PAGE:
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Director of Taxi to the Dark Side: An exclusive online interview

An exclusive online interview

Left: Director Alex Gibney / Photograph by TIMOTHY GREENFIELD-SANDERS


Friday, January 18, 2008

By James Hughes

While evaluating a 2004 memo that set limitations on interrogation techniques at Guantanamo Bay—among them hooding, sleep depravation and forcing detainees to stand for four hours at a time—Defense Secretary Donald Rumsfeld approved each method before adding an infamous bit of marginalia. “I stand for 8-10 hours a day,” he wrote. “Why is standing limited to four hours?” For a civilian working comfortably at a podium in an air-conditioned fortress, a stress and duress technique like standing hardly seemed unendurable. (As Alexander Cockburn noted in his book Rumsfeld: His Rise, Fall and Catastrophic Legacy, Rumsfeld also had the ability to sit whenever he wanted to, and wore shoes with extra padding, which his staff dubbed “duck shoes.”)

That same week, Tom Malinowski, the advocacy director for Human Rights Watch, provided further background on the subject in the Washington Post (read the complete editorial here): “Perhaps one reason these stress and duress techniques were approved at all is that they sound innocuous. … Stress and duress interrogation techniques were invented in the dungeons of the world’s most brutal regimes for only one purpose — to cause pain, distress and humiliation, without physical scars.”

In his latest film, Taxi to the Dark Side (opening Friday, January 18), director Alex Gibney exposes in forensic detail exactly how devastating those scars can be. While a wave of recent documentaries, among them No End in Sight (which Gibney co-produced), focus on the panorama of the global war on terror—cherrypicked intelligence, neocon nation-building, unhindered riots in Baghdad—Gibney’s film zeroes in on a single case: In 2002, a 22-year-old taxi driver in Afghanistan known only as Dilawar was detained by American soldiers to answer questions involving a rocket attack on a US base. While captive inside the Bagram Collection Point, Dilawar was chained to the ceiling and forced to stand while receiving repeated blows to the legs. Days later, Dilawar died from a pulmonary embolism, prompting the military coroner to register “homicide” as the cause of death. As reported by Tim Golden in the New York Times (read his piece here): “It would be many months before Army investigators learned a final horrific detail: Most of the interrogators had believed Mr. Dilawar was an innocent man who simply drove his taxi past the American base at the wrong time.”

Gibney, who received an Academy Award nomination for Enron: The Smartest Guys in the Room, explores Dilawar’s case in the context of experiments conducted by 20th century social psychologists like Stanley Milgram, while also tracing how similar interrogation methods (and personnel) would soon migrate to Abu Ghraib. Gibney confronts several of Dilawar’s interrogators and guards at Bagram, as well as former detainees and members of Dilawar’s family, in on-screen interviews. The results are devastating, impassioned, vital. A driving force for the filmmaker is the memory of his father Frank Gibney, a Naval interrogator in World War II. Before he passed away, Gibney asked his father why torture was verboten during his interrogations. “Well, because we didn’t need to and because we thought our principles gave us strength that our enemy didn’t have,” he replied. My conversation with Gibney, conducted in New York in January, opened on a similar note.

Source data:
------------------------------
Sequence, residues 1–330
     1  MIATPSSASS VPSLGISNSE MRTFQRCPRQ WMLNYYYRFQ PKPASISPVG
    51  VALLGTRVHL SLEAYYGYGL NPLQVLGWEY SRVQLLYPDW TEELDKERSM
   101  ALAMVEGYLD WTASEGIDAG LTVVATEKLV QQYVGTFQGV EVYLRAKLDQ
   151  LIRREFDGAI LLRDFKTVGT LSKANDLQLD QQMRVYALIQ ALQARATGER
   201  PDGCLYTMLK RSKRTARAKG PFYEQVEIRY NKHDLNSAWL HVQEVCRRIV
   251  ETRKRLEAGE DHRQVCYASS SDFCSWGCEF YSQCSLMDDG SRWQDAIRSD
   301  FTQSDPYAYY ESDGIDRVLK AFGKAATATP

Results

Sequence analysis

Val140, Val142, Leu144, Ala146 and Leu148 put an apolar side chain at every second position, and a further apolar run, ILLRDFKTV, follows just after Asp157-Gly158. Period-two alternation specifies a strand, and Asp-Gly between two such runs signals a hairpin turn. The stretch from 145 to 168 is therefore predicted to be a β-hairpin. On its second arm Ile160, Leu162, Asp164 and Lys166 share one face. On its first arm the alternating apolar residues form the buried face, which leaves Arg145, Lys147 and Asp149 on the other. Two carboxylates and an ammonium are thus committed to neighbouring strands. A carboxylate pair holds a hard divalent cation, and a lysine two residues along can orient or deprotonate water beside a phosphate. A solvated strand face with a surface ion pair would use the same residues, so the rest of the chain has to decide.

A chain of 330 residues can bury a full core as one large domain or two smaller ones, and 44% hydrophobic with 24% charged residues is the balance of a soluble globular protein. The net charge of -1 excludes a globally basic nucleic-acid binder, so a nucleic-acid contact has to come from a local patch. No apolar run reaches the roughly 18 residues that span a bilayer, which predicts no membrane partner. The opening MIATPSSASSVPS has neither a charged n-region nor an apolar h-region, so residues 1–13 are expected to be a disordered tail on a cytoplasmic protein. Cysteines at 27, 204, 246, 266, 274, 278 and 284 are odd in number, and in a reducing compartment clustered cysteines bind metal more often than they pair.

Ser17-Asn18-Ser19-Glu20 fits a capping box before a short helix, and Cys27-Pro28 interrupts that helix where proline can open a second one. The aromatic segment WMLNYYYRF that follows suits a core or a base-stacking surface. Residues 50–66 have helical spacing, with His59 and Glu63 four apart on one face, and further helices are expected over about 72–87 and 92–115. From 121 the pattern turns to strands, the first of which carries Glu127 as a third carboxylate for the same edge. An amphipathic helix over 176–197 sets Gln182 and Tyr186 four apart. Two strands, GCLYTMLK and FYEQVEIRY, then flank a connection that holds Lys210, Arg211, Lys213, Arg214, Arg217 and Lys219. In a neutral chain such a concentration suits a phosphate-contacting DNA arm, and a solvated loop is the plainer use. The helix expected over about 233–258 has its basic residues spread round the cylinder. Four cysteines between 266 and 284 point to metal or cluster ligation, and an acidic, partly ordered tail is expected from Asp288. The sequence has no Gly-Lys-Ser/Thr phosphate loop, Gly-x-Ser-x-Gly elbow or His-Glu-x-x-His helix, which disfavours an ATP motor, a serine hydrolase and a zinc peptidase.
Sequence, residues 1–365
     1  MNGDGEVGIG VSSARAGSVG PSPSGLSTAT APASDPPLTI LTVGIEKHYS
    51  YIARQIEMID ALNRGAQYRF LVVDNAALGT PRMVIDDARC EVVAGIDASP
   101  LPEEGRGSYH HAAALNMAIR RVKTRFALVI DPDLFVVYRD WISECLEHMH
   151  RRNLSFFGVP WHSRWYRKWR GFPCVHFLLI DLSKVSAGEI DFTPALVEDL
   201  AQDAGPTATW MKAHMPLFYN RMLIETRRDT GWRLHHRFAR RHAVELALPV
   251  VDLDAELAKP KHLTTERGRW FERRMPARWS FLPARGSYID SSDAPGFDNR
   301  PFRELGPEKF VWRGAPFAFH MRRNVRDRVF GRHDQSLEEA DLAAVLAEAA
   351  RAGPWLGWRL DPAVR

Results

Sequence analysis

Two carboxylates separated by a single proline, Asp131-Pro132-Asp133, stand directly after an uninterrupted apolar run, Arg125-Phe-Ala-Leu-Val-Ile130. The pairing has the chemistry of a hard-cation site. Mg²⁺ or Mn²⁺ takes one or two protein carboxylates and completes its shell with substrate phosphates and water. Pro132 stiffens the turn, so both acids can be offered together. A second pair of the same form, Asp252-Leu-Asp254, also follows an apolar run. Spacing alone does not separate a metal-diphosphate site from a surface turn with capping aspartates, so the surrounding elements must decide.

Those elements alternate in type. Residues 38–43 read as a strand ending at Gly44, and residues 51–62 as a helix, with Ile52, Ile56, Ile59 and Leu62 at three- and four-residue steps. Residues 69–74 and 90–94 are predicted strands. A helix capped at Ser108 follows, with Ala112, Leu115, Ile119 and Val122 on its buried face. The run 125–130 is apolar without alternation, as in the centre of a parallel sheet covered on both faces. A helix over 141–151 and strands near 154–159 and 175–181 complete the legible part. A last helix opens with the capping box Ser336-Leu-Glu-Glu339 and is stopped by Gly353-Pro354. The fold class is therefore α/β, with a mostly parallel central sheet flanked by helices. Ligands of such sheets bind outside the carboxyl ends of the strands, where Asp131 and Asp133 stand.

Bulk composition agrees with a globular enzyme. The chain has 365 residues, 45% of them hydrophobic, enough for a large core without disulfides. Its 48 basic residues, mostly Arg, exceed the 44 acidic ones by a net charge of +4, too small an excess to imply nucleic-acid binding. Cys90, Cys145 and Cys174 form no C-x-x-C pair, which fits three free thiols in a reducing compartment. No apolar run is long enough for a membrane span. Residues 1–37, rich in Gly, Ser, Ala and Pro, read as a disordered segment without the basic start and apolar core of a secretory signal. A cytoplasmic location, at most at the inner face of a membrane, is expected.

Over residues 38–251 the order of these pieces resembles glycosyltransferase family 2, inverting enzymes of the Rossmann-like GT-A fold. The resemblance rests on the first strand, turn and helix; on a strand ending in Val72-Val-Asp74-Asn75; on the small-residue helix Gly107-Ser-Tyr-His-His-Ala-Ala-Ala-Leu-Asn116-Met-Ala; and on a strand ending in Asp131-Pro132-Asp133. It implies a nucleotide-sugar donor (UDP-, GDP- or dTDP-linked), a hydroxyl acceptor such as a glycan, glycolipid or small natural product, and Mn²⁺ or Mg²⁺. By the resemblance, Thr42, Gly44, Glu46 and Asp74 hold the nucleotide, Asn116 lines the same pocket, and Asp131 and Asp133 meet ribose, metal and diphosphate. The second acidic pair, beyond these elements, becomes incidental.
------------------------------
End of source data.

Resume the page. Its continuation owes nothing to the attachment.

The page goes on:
Stop Smiling
: I wanted to start by reading from a Washington Post article in October about the men who secretly interrogated Nazi captives on US soil after World War II (read the complete article here): “‘We got more information out of a German general with a game of chess or Ping-Pong than they do today, with their torture,’ said Henry Kolm, 90, an MIT physicist who had been assigned to play chess in Germany with Hitler’s deputy, Rudolf Hess.”

Alex Gibney
: My dad’s experience was exactly like that. In fact, I was reading some of his memoirs recently. I have his interrogation logs. He interrogated a fairly senior guy in Okinawa, Colonel Yahara. He developed a pretty good rapport with him and got a lot of good information. But at some point, Yahara turned to my father when he was interrogating him and said, “Gibney-san, you really should be a little more careful.” And he described the trip they had just taken together in a Jeep. He said, “Your sidearm was right there, I could have taken it from you, knocked you flat and run off, gone back to my lines. You really have to be more careful.” [Laughs] My father thought, “What kind of a soldier am I?” But it also testified to the fact that they had already developed a kind of rapport that got a lot more out of him than waterboarding.

SS: Why are claims of torture so rampant in this current war?

AG: It’s not exceptional. That’s why the war in the Pacific is such a good comparison. We described the Japanese as fanatical, beyond reason. “These people are just different. These are the kinds of people who would fly suicide missions with planes.” Does that sound familiar? What is it that’s so different? I think what’s so different is you have a civilian leadership that was weak, arrogant and fundamentally ignorant. And I think in a peculiar way, this is the dark lesson I learned from Taxi to the Dark Side: I think they understood, either intuitively or consciously, that there was a political advantage to torture, which is that you always get back the answer you want to hear. And when you’re trying to go to war in Iraq, for example, that can be very powerful and very seductive, about gathering intelligence in a way that always seems to come out right, as far as you’re concerned.


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